The great resignation or the great liberation?
What is your life worth to you? $20, $40, $100 an hour? Putting a monetary value on something of such value as your life feels obscene. Unfortunately, far too many people come to the end of their life only to realize, and regret, that they traded their life away for survival. Most people do not get the opportunity to stop and take a break from survival mode long enough to reflect on their life and their own inherent value until they are confronted with their own mortality.
Enter 2020. For the first time in modern history, on a global scale, humanity was compelled to collectively pause as a result of the pandemic. People were forced to take a break from the rat race of survival. As a result, many began to think about their lives, their desires, and their purpose. When the pandemic restrictions were eventually lifted, many saw life beyond the limiting lens of survival and decided they could no longer incrementally trade their life away for money. This has led to what is being coined ‘The Great Resignation.’For almost five years of my precious life, I voluntarily put myself in a state penitentiary for convicted felons. Why would I put myself in prison you might ask? The answer is pretty simple and straightforward. I did it for a paycheck.
Like many of us, I was brought up in a home that emphasized the all-consuming need to survive. My father immigrated to the United States from an impoverished part of the world and my mother was raised in a part of the Midwest where hard work to put food on the table represented the highest achievement of human potential. As a child, it didn’t take long for me to pick up on the subliminal message— life is something worth trading away for survival.
Like my ancestors before me, I followed the well-worn path of finishing high school, starting a family and subsequently struggling to find work. I was able to become a corrections officer in a state prison due to a contact of my father’s who helped me apply and secure an interview. After graduating from training academy and completing a lengthy probationary evaluation, I started my employment.
What ensued was a five-year prison sentence. I was an employee of the state, but I spent the best hours of my day behind bars. I discovered that the line between prisoner and prison guard is actually pretty thin. The running joke among the staff was that we were all sentenced to life in prison, we just did it in eight-hour installments.
Although I put myself in a literal prison for a paycheck, I’m convinced this is an appropriate metaphor for what we are all conditioned to do without giving it much thought. Prison is anywhere we feel forced to go in exchange for time. When we trade time for money, what we are actually trading away is our life. An hour of our time spent in this way actually is an hour closer to the grave.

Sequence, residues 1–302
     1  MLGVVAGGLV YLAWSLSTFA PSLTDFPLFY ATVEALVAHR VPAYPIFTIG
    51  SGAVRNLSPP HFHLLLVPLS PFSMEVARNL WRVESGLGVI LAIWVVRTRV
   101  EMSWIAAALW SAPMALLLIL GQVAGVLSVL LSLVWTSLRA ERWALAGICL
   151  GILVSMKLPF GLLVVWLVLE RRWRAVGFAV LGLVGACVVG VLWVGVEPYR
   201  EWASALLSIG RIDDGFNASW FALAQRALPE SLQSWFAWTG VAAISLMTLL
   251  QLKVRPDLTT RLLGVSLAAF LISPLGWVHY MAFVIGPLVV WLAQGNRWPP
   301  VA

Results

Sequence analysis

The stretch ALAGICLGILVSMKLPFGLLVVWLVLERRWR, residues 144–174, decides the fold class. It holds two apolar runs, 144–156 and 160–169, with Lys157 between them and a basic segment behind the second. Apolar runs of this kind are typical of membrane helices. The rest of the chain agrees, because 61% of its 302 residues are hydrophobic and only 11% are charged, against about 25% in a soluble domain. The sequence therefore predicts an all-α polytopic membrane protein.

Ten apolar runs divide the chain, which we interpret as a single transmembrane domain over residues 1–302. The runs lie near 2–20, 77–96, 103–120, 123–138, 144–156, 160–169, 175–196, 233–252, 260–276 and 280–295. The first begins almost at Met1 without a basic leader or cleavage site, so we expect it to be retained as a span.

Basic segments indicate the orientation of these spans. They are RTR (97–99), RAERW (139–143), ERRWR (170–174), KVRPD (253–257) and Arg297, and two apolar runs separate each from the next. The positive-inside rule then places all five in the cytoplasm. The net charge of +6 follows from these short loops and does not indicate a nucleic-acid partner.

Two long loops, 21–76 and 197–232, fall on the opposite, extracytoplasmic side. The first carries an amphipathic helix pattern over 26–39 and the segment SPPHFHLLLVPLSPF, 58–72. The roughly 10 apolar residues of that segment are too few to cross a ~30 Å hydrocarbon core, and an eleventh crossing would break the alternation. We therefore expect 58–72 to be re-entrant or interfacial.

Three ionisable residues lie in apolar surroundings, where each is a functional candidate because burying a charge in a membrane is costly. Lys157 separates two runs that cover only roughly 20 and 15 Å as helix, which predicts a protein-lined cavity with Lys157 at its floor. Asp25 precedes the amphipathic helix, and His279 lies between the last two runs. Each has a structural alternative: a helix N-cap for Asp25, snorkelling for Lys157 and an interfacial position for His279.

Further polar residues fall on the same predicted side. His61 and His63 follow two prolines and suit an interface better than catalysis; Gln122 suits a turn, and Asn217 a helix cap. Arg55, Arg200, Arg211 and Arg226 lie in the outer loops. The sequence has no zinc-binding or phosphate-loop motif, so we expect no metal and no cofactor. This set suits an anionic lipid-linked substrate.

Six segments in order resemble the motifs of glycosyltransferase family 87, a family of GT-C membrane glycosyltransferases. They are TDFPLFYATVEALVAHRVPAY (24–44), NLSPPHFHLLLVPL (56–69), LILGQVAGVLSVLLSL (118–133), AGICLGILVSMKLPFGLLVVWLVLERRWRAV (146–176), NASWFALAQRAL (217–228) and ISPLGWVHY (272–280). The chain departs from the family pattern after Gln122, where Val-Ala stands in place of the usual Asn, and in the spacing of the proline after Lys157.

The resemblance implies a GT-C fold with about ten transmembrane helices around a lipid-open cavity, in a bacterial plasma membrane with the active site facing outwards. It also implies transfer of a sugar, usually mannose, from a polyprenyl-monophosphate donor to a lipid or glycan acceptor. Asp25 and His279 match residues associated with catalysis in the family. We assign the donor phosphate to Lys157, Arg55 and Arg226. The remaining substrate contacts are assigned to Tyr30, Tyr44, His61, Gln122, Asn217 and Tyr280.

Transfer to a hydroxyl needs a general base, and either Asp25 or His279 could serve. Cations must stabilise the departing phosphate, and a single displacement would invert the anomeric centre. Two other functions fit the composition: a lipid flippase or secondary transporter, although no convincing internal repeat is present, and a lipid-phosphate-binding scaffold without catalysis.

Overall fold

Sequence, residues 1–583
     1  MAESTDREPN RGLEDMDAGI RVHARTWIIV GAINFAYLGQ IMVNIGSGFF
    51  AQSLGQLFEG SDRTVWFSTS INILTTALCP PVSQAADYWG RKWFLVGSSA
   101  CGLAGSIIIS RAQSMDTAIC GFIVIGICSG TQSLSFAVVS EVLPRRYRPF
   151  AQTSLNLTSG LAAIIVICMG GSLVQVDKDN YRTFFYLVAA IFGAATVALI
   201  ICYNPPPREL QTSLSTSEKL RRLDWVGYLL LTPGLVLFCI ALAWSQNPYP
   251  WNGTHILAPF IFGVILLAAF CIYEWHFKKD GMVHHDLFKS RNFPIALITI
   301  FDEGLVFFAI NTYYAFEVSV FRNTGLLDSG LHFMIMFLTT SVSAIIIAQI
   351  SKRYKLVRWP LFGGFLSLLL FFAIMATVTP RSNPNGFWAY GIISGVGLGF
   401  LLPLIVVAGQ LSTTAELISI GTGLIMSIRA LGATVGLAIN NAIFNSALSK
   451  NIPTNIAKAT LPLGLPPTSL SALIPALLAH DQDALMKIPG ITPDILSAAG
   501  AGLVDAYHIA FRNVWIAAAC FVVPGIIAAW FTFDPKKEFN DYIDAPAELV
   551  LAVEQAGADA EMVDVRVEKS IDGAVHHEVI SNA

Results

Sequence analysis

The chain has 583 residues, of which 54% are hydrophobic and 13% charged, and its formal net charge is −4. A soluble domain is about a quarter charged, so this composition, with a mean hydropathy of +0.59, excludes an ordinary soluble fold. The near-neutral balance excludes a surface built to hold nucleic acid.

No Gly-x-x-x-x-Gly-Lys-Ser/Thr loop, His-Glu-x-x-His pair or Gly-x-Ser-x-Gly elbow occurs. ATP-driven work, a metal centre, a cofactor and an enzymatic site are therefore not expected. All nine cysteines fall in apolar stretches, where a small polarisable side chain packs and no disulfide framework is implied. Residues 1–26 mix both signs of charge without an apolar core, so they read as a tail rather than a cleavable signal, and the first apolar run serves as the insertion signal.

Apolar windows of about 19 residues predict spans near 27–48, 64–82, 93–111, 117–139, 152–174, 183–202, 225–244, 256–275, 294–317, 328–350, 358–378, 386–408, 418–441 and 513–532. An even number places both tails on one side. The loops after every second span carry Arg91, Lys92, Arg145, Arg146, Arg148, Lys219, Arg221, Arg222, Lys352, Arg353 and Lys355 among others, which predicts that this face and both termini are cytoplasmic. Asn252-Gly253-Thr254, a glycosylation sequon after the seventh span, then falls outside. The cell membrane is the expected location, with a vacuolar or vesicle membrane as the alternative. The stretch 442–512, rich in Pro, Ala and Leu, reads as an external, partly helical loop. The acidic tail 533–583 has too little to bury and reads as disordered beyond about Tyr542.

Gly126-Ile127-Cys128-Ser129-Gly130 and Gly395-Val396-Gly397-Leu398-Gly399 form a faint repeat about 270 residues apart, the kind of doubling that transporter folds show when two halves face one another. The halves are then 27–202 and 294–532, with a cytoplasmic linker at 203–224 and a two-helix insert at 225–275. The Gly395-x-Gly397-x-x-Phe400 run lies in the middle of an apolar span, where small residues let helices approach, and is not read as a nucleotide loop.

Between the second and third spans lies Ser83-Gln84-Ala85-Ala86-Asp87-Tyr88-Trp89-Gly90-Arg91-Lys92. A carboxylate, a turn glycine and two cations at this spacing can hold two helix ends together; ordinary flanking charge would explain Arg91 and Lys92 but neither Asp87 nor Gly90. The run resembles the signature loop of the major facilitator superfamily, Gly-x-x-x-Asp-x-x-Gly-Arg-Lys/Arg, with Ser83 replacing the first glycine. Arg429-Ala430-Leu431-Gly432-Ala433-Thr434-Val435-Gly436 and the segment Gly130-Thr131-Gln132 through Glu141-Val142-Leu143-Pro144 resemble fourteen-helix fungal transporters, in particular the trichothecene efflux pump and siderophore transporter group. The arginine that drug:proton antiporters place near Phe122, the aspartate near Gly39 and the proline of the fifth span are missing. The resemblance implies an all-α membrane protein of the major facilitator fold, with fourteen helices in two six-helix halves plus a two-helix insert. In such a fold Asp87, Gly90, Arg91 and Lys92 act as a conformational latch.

We were born to work. However, our work needs to be connected to more than survival. While businesses need employees to produce their products and services, and we all need to earn a living wage to meet life’s needs and expenses, the workforce of the future is rapidly evolving. Business leaders who simply focus on the bottom line and see their employees as cogs in a corporate wheel will struggle to maintain a competent and sufficiently staffed workforce. This is exactly what we are currently seeing in industries across the spectrum. Many of these businesses and corporations will not be able to survive this current revolution.
Business leaders who understand that ‘The Great Resignation’ is really ‘The Great Liberation’ will be able to facilitate an evolving workforce in a way that will mutually benefit their own companies as well as their employees. A new paradigm is emerging in which employees need to feel they are investing their time and talent into a more worthwhile vision than simply profits and bottom lines. Employees also need to feel their current jobs are preparing them to move forward on their own personal journeys. Such companies will not only survive ‘The Great Liberation,’ they will serve as the backbone to a more conscientious approach to business that benefits everyone.
About Jamal Jivanjee
Jamal Jivanjee is an Amazon best-selling author, a podcaster and a full-time life coach with more than 20 years of experience. Learn more about Jamal, and his latest book “Living for a Living,” by visiting www.jamaljivanjee.com.